How To Travel Around Uruguay

By trainThere are just a few commuter rail services in and around Montevideo. There are certain tourist trains that do not run on a set timetable. You may locate them by listening for announcements at the Montevideo railway station. There is no consistent long-distance rail service. The bus is...

Visa & Passport Requirements for Uruguay

Passports (or MERCOSUR ID cards) from the following countries do not need a visa to enter: Argentina, Australia, Austria, Bahamas, Barbados, Belgium, Belize, Bolivia, Brazil, Canada, Colombia, South Korea, Chile, Costa Rica, Croatia, Cyprus, Denmark, Ecuador, El Salvador, Slovakia, Slovenia, Spain, Finland, France, Germany, Greece, Guatemala, Honduras, Hong Kong,...

Destinations in Uruguay

Regions in UruguayAtlantic Coast (Cabo Polonio, Chuy, La Paloma, Punta del Diablo, Piriapolis, Punta del Este)great beach resorts fronting the Atlantic and a land crossing to Brazil.Rio de la Plata (Montevideo, Colonia)the capital city, old colonial magnificence and a ferry crossing to Argentina.Northern Interior (Salto, Tacuarembo)Gaucho culture, land crossings to Argentina and...

Accommodation & Hotels in Uruguay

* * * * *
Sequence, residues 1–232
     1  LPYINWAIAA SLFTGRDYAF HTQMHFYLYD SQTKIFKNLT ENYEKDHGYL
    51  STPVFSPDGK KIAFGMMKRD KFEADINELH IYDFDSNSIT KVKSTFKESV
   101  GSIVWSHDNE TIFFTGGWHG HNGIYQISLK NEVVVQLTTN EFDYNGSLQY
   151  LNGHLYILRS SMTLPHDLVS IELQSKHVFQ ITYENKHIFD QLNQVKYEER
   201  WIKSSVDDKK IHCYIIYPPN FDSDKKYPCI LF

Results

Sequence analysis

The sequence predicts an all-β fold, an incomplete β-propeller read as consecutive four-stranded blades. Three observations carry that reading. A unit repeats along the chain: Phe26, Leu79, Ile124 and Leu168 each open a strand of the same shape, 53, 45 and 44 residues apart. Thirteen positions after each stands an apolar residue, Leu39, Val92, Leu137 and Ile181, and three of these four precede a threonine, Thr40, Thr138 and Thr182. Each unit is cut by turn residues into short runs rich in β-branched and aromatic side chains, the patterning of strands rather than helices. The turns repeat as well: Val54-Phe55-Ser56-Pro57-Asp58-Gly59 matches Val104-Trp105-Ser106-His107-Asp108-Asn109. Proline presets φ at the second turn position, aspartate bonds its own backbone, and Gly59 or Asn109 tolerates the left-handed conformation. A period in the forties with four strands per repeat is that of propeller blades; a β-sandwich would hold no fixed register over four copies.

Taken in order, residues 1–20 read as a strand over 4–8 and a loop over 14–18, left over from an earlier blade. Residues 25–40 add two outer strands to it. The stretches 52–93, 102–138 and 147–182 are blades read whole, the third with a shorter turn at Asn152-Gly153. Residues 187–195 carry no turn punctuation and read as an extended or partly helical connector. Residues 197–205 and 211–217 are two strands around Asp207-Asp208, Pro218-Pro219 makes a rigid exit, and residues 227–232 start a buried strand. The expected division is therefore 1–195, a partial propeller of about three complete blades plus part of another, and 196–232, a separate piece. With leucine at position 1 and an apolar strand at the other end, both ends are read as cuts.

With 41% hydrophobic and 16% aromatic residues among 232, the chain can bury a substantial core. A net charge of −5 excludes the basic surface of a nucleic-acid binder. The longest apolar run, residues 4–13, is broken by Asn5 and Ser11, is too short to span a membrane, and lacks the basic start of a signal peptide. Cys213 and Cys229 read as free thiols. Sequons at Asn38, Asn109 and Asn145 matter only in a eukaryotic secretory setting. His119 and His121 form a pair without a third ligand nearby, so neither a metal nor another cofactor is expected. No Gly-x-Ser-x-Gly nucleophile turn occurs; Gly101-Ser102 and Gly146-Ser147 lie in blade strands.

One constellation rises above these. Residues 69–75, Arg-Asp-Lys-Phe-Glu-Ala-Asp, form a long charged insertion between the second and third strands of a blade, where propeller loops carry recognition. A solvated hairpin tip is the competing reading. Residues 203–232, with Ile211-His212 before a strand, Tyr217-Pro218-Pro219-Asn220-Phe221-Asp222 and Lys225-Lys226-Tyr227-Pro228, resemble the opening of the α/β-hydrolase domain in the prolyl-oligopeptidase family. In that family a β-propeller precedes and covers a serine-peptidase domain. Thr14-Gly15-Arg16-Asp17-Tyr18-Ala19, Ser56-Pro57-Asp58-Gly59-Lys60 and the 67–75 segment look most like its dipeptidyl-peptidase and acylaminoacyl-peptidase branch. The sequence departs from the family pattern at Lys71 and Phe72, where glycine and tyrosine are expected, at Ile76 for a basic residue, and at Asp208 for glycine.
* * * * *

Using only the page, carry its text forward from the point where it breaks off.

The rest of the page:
There are numerous "estancias" in tranquil and peaceful settings, surrounded by many kinds of native and migratory birds, that provide a unique chance to reconnect with nature for nature enthusiasts, birdwatchers, and those seeking a break from the fast-paced world.Along the shore, there are much more beach homes to...

Things To See in Uruguay

While there are fascinating things to visit across Uruguay, the major tourist attractions are centered around the shore. Unsurprisingly, the capital, Montevideo, has the greatest concentration of things to visit. General Jose Artigas lies in a tomb under an equestrian statue of himself in the center of Plaza Independencia,...

Things To Do in Uruguay

Watching a football game between Nacional and Pearol, the two most watched football clubs in the country, is one of the greatest experiences you can have while in Uruguay.Sunbathing, surfing, and bathing on the Atlantic coast's beaches. Punta del Este, Piriapolis, La Paloma, La Pedrera, Cabo Polonio, Punta del...

Food & Drinks in Uruguay

Food in UruguayUruguayan cuisine is characteristic of temperate nations, with a high butter, fat, and grain content and a low spice content. Because to the large Italian immigrant population, it has a significant Italian impact. If you are from the Mediterranean, you will find it bland, but if you...

Money & Shopping in Uruguay

MoneyThe Peso is Uruguay's currency. Prices are often expressed in U$, which may be mistaken with the US$ (US dollar) sign. The currency rate was about $1 to UYU 30 in January 2016.Prices for more expensive products and services (usually above USD100) are often stated in US dollars rather...